There’s an important question you have to ask yourself before diving into “Harley Quinn’s Revenge,” the new story-driven expansion for last year’s Batman: Arkham City: Just how good was the ending to Arkham City for you?
If you’re like us and think the original ending to Arkham City was damn near pitch perfect, then you might want to consider skipping Harley Quinn’s Revenge. Trust me, I don’t say that lightly. I wanted an excuse to play more Arkham City just like everyone else. However, upon completion of the new downloadable content, the striking reality of the situation is that this new content doesn’t really add anything worthwhile. In fact, it can be argued that this epilogue, of sorts, kind of diminishes the game’s original, perfectly poignant sendoff to the relationship between Batman and Joker. But more on that in a bit.
Harley Quinn’s Revenge picks up a few weeks after the events of Arkham City. The Joker is dead and his main squeeze is quite pissed about it. Harley’s kidnapped a few cops and is holed up in the Gotham shipyard within Arkham City, threatening to end their lives if the GCPD and Batman get involved in the situation. Of course, the Dark Knight isn’t going to let that fly and goes in after Quinn. However, something happens within the walls of Arkham City, resulting in Batman disappearing for two days. It then becomes the job of Robin to head into the city-prison to deduce what happened.
This marks the first time players get to control Robin in a campaign setting. Robin is just as acrobatic as Batman before him, bringing a few unique toys of his own along for the ride. He’s got a badass bow staff and handy shield for protecting himself from gunfire and busted steam pipes. Getting a chance to control Robin is hands down the highlight of this DLC. For someone who never played the Robin-centric Challenge Maps, getting the chance to play as the Boy Wonder to push the Arkham-verse narrative forward was a treat.
However, the entire DLC is not played from Robin’s point of view. This mini campaign actually flip-flops control between Robin and Batman. You start as Robin, then flash back to play as Batman, then Robin again and finally back to Batman until the credits roll. It goes without saying that the moments as Batman will instantly feel familiar to those who’ve already played through Arkham City… with one exception.
Harley Quinn’s Revenge is a very linear experience. The moments where you play as Robin have you basically running from corridor to corridor and entering rooms full of thugs to beat up, rinse and repeat. The parts as Batman open up a little wider, but you’re restricted to the shipyard area of Arkham City; you can’t load up this DLC and head out to explore the entirety of Arkham City to take part in the game’s plethora of side quests.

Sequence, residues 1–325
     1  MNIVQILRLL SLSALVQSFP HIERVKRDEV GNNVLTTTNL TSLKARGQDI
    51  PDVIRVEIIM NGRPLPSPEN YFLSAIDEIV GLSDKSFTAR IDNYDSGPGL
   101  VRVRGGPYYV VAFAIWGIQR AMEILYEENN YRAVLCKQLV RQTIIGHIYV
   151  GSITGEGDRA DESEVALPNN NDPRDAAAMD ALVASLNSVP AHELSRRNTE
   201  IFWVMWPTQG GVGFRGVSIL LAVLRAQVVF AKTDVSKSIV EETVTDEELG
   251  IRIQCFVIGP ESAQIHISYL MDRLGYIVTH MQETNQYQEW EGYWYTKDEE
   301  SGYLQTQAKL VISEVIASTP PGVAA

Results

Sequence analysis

Lastly, let’s bring this full circle and return to what I was saying about this DLC’s story. When this content was first announced, Rocksteady said it would not only play off the aftermath of Joker’s death, but also Batman’s fragile state of mind considering his other half is forever lost. While, yes, Harley Quinn’s Revenge does serve as an epilogue to the game, it really doesn’t do anything but scratch the surface of the psychological trauma bubbling underneath. That goes for both Harley and Batman.
The content ends exactly where it began, making you question why it was ever produced in the first place – outside of giving us an excuse to play more Batman: Arkham City, that is. It’s like if someone went back and added an extra fifteen minutes to the end of King Kong where you just watch Ann cry in her apartment. In a way, the original, poetic ending is left sort of damaged.
If you want to pick up Harley Quinn’s Revenge for more Arkham City gameplay goodness, go ahead. The DLC provides a solid two more hours of narrative-driven content. But heed my warning about what it does to the game’s original ending. If getting more story out of Arkham City is what you’re after, you might want to avoid this expansion to keep those rose-tinted goggles firmly on your face.
Harley Quinn’s Revenge is available now on the PlayStation Network ($9.99) and Xbox Live (800 MS Points). You can also get it as part of the Batman: Arkham City Game of the Year Edition, available now.